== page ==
Love This #84: Spools and wooden shoe forms

This month’s Love This post is also from last year’s Grand Designs Live and was right alongside the lovely radiators I shared before. You can just imagine my joy, and MOH’s despair as he tried to move me along without leaving with either any of these, a radiator or even any of the tiles.

Sometimes he has a tough job… But luckily for my purse he’s often there to do it.

Though these wooden spools or bobbins, would look great wouldn’t they as a ornament? And not just in a craft room, although they’d look great there I think they’d work in almost any room, and bring their character to the space. I”m sure they’d be a talking point too.

Wooden spools
top down view of the wooden bobbins

I managed to leave without any, but I’ve made a mental note - and now a blog note - to add them to my virtual wish list. If I see any when I’m out and about that are reasonably priced then leaving them there might be a completely different proposition. I think I was distracted though, by these.


Wooden shoe forms. I’m well known for being a bit of shoequeen, so it makes sense to be curious about these too. They are fascinating and beautiful in their own right, and again would make an unusual addition to a display area. And they really do make you think about how shoes are - and used to be - made.

The lights too are where it got interesting, as that’s where MOH and I swap roles. He would easily have left with even more than these - we saw plenty of vintage lights at the show - and that’s even before we saw this one:

A vintage industrial light

We both almost wavered, but practicality - and lack of space - won again. For now.

Geometric and encaustic tiles at Grand Designs Live

I’ve said before that Grand Designs Live, and in fact any show is a treat for the senses, and can provide complete overload as well as the inspiration you might be after. Or both. And sometimes, like anything, it takes a while for the brain to process it all. There’s so much to see, that it means very tired legs at the end of it after trying to see everything, and MOH will tell you I try my best to see just about everything.

At times though there’s things that just make you stop and smile. And yearn for a Victorian style property that has a short path in the front garden that could be tiled, or better has the hallway that you could lavish tiles such as these on.

Terracotta tiles inset with yellow flower motifs

But first, let me tell you about encaustic tiles - a term i’d not heard of before. They’re simply ceramic tiles where the pattern is made of different coloured clay, rather than being part of the glaze. Usually they have two colours, but can have up to six colours, and the image below shows some good examples of these, and they’re stunning aren’t they?

encaustic tiles to rival those from Portugal

You’ll probably have seen them before though, even walked on them I’m sure, as they’re often embedded into designs with geometric designs.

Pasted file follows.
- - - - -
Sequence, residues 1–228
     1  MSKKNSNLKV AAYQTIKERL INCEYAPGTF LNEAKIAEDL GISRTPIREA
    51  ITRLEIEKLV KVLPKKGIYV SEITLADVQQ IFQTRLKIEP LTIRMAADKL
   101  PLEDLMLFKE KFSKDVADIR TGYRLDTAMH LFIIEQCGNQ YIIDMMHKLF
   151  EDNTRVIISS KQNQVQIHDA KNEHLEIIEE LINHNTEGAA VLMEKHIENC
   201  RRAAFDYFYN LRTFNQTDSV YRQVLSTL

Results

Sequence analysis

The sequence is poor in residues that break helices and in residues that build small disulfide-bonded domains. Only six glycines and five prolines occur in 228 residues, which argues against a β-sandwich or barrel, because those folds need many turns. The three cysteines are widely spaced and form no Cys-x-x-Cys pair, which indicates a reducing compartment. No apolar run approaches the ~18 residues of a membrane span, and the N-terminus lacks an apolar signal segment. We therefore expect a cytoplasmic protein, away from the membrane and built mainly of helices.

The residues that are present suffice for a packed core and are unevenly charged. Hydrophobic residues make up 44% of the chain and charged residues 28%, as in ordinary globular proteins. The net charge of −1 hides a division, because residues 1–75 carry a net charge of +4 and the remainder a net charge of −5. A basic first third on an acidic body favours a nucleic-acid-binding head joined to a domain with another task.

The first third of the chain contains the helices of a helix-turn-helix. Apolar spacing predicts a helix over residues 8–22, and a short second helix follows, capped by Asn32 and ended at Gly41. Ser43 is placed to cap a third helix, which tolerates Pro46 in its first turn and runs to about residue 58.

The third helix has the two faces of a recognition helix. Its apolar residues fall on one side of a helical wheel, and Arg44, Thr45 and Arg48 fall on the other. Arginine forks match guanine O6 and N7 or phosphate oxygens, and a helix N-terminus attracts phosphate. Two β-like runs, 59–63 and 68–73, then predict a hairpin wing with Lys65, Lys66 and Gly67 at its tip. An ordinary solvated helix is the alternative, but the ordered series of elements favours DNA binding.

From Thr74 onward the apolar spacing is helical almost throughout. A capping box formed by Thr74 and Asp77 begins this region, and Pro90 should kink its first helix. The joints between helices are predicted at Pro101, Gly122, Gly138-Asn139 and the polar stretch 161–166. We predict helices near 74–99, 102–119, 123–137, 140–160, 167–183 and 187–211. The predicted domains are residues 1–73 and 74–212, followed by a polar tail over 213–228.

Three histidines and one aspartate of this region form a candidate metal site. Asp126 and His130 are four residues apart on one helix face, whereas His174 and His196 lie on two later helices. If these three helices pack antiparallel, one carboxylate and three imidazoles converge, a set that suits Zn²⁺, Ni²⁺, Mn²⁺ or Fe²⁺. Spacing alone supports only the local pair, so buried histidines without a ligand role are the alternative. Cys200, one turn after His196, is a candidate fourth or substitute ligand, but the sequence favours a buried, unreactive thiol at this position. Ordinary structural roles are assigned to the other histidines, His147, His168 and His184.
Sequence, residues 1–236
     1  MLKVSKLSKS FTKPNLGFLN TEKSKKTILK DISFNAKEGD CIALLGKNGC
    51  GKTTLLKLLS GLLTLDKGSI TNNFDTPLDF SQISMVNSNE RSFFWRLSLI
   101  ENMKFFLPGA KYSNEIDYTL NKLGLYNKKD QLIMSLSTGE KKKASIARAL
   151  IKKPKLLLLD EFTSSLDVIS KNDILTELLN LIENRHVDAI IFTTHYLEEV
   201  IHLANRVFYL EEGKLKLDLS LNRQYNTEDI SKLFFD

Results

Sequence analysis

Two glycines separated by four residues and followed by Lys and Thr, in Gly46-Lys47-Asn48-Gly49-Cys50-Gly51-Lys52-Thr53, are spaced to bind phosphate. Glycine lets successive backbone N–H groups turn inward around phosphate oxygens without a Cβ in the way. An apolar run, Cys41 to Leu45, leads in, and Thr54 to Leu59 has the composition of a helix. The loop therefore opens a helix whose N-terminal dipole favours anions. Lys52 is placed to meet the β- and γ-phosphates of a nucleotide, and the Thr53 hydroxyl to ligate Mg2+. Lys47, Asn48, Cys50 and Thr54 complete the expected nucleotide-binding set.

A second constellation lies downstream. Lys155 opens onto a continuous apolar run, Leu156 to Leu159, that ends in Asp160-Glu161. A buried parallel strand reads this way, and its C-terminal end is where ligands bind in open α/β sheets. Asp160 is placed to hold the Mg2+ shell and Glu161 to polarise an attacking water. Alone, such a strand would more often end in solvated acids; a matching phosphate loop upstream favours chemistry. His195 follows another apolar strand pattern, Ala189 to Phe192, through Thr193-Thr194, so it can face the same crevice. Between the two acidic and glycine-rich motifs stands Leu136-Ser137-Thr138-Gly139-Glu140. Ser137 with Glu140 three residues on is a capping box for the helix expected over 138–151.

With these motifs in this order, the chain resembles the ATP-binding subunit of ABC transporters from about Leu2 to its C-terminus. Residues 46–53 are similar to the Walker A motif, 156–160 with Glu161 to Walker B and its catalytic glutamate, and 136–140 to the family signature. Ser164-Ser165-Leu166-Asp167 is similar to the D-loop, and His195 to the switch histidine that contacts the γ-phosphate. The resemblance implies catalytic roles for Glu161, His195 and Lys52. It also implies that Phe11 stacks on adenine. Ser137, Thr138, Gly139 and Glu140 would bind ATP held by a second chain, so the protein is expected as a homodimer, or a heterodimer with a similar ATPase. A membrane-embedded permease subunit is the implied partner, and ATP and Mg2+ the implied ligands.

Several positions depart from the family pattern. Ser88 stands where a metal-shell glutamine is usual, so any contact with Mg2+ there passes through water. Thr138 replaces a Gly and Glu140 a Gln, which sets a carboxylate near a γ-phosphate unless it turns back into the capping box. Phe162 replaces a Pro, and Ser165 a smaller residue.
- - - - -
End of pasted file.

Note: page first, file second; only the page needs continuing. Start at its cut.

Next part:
A traditional pattern using geometric and encaustic tiles

And of course, there’s plenty of designs. This one definitely has the feel of a patchwork quilt pattern - I wonder what came first, the tile pattern or the quilt?

Star tiles that almost look like a patchwork quilt

And if you’re thinking that all of these are very traditional, then think again. This smaller pattern has a much more modern feel and in a modern setting, say a bathroom with a crittall-type shower enclosure and black fittings would look stunning, and bring the traditional and contemporary styles together.

A smaller pattern brings a more modern feel

They also give the tiles I’ve shared from Porto a run for their money too, don’t they?

Lavatory Project: Spots and stripes

This one isn’t for the faint hearted. It is rather bold, and if you’re of a delicate nature then I advise sunglasses. Just like my dad when he took me to Abba: The Movie, which I’ve just had to google the year for. It was 19 cough cough 78 cough. I was very young. And he didn’t wear the sunglasses, and not just because he wasn’t allowed.

That said, I quite like this one.

Black and white striped wallpaper for the lavatory project at Grand designs live

I think it’s ok in a small space, in a larger room I think my eyes might go a bit, well a bit everything. Or maybe the extra space would make it slightly calmer, who knows. This size space is all we have though, and while we often think bold dark patterns don’t work in small spaces, we’ve been proven wrong.


You’re probably wondering if those mirrors were the spots, aren’t you? Well they could be, but it’s the floor that’s really spotty, and it’s not a shrinking violet either.


Actually the floor has just jogged memories of a wall in my bedroom growing up. I insisted that I wanted pink spots on the wall, and my poor long suffering parents agreed, but I had to do it myself, which must have been torture for them. I was quite pleased with the result, although looking back it shouts Mr Blobby to me. I’m sure they were relieved when the next colourway came along, I can’t remember what that was, so it was nowhere near as memorable.

I think they’d have drawn the line at such a bold colour scheme though. I think, actually I hope!

This next shot is my favourite, it’s got a bit of the whole room in it, and I wasn’t surprised to see a record on the wall - it fits well with the theme.

Spots stripes and a brilliant white washbasin

And did you notice the tap? Isn’t it stunning - and the tiles, I think they’re the only thing in the space that’s not black, white or chrome.

I told you it was bold, didn’t I?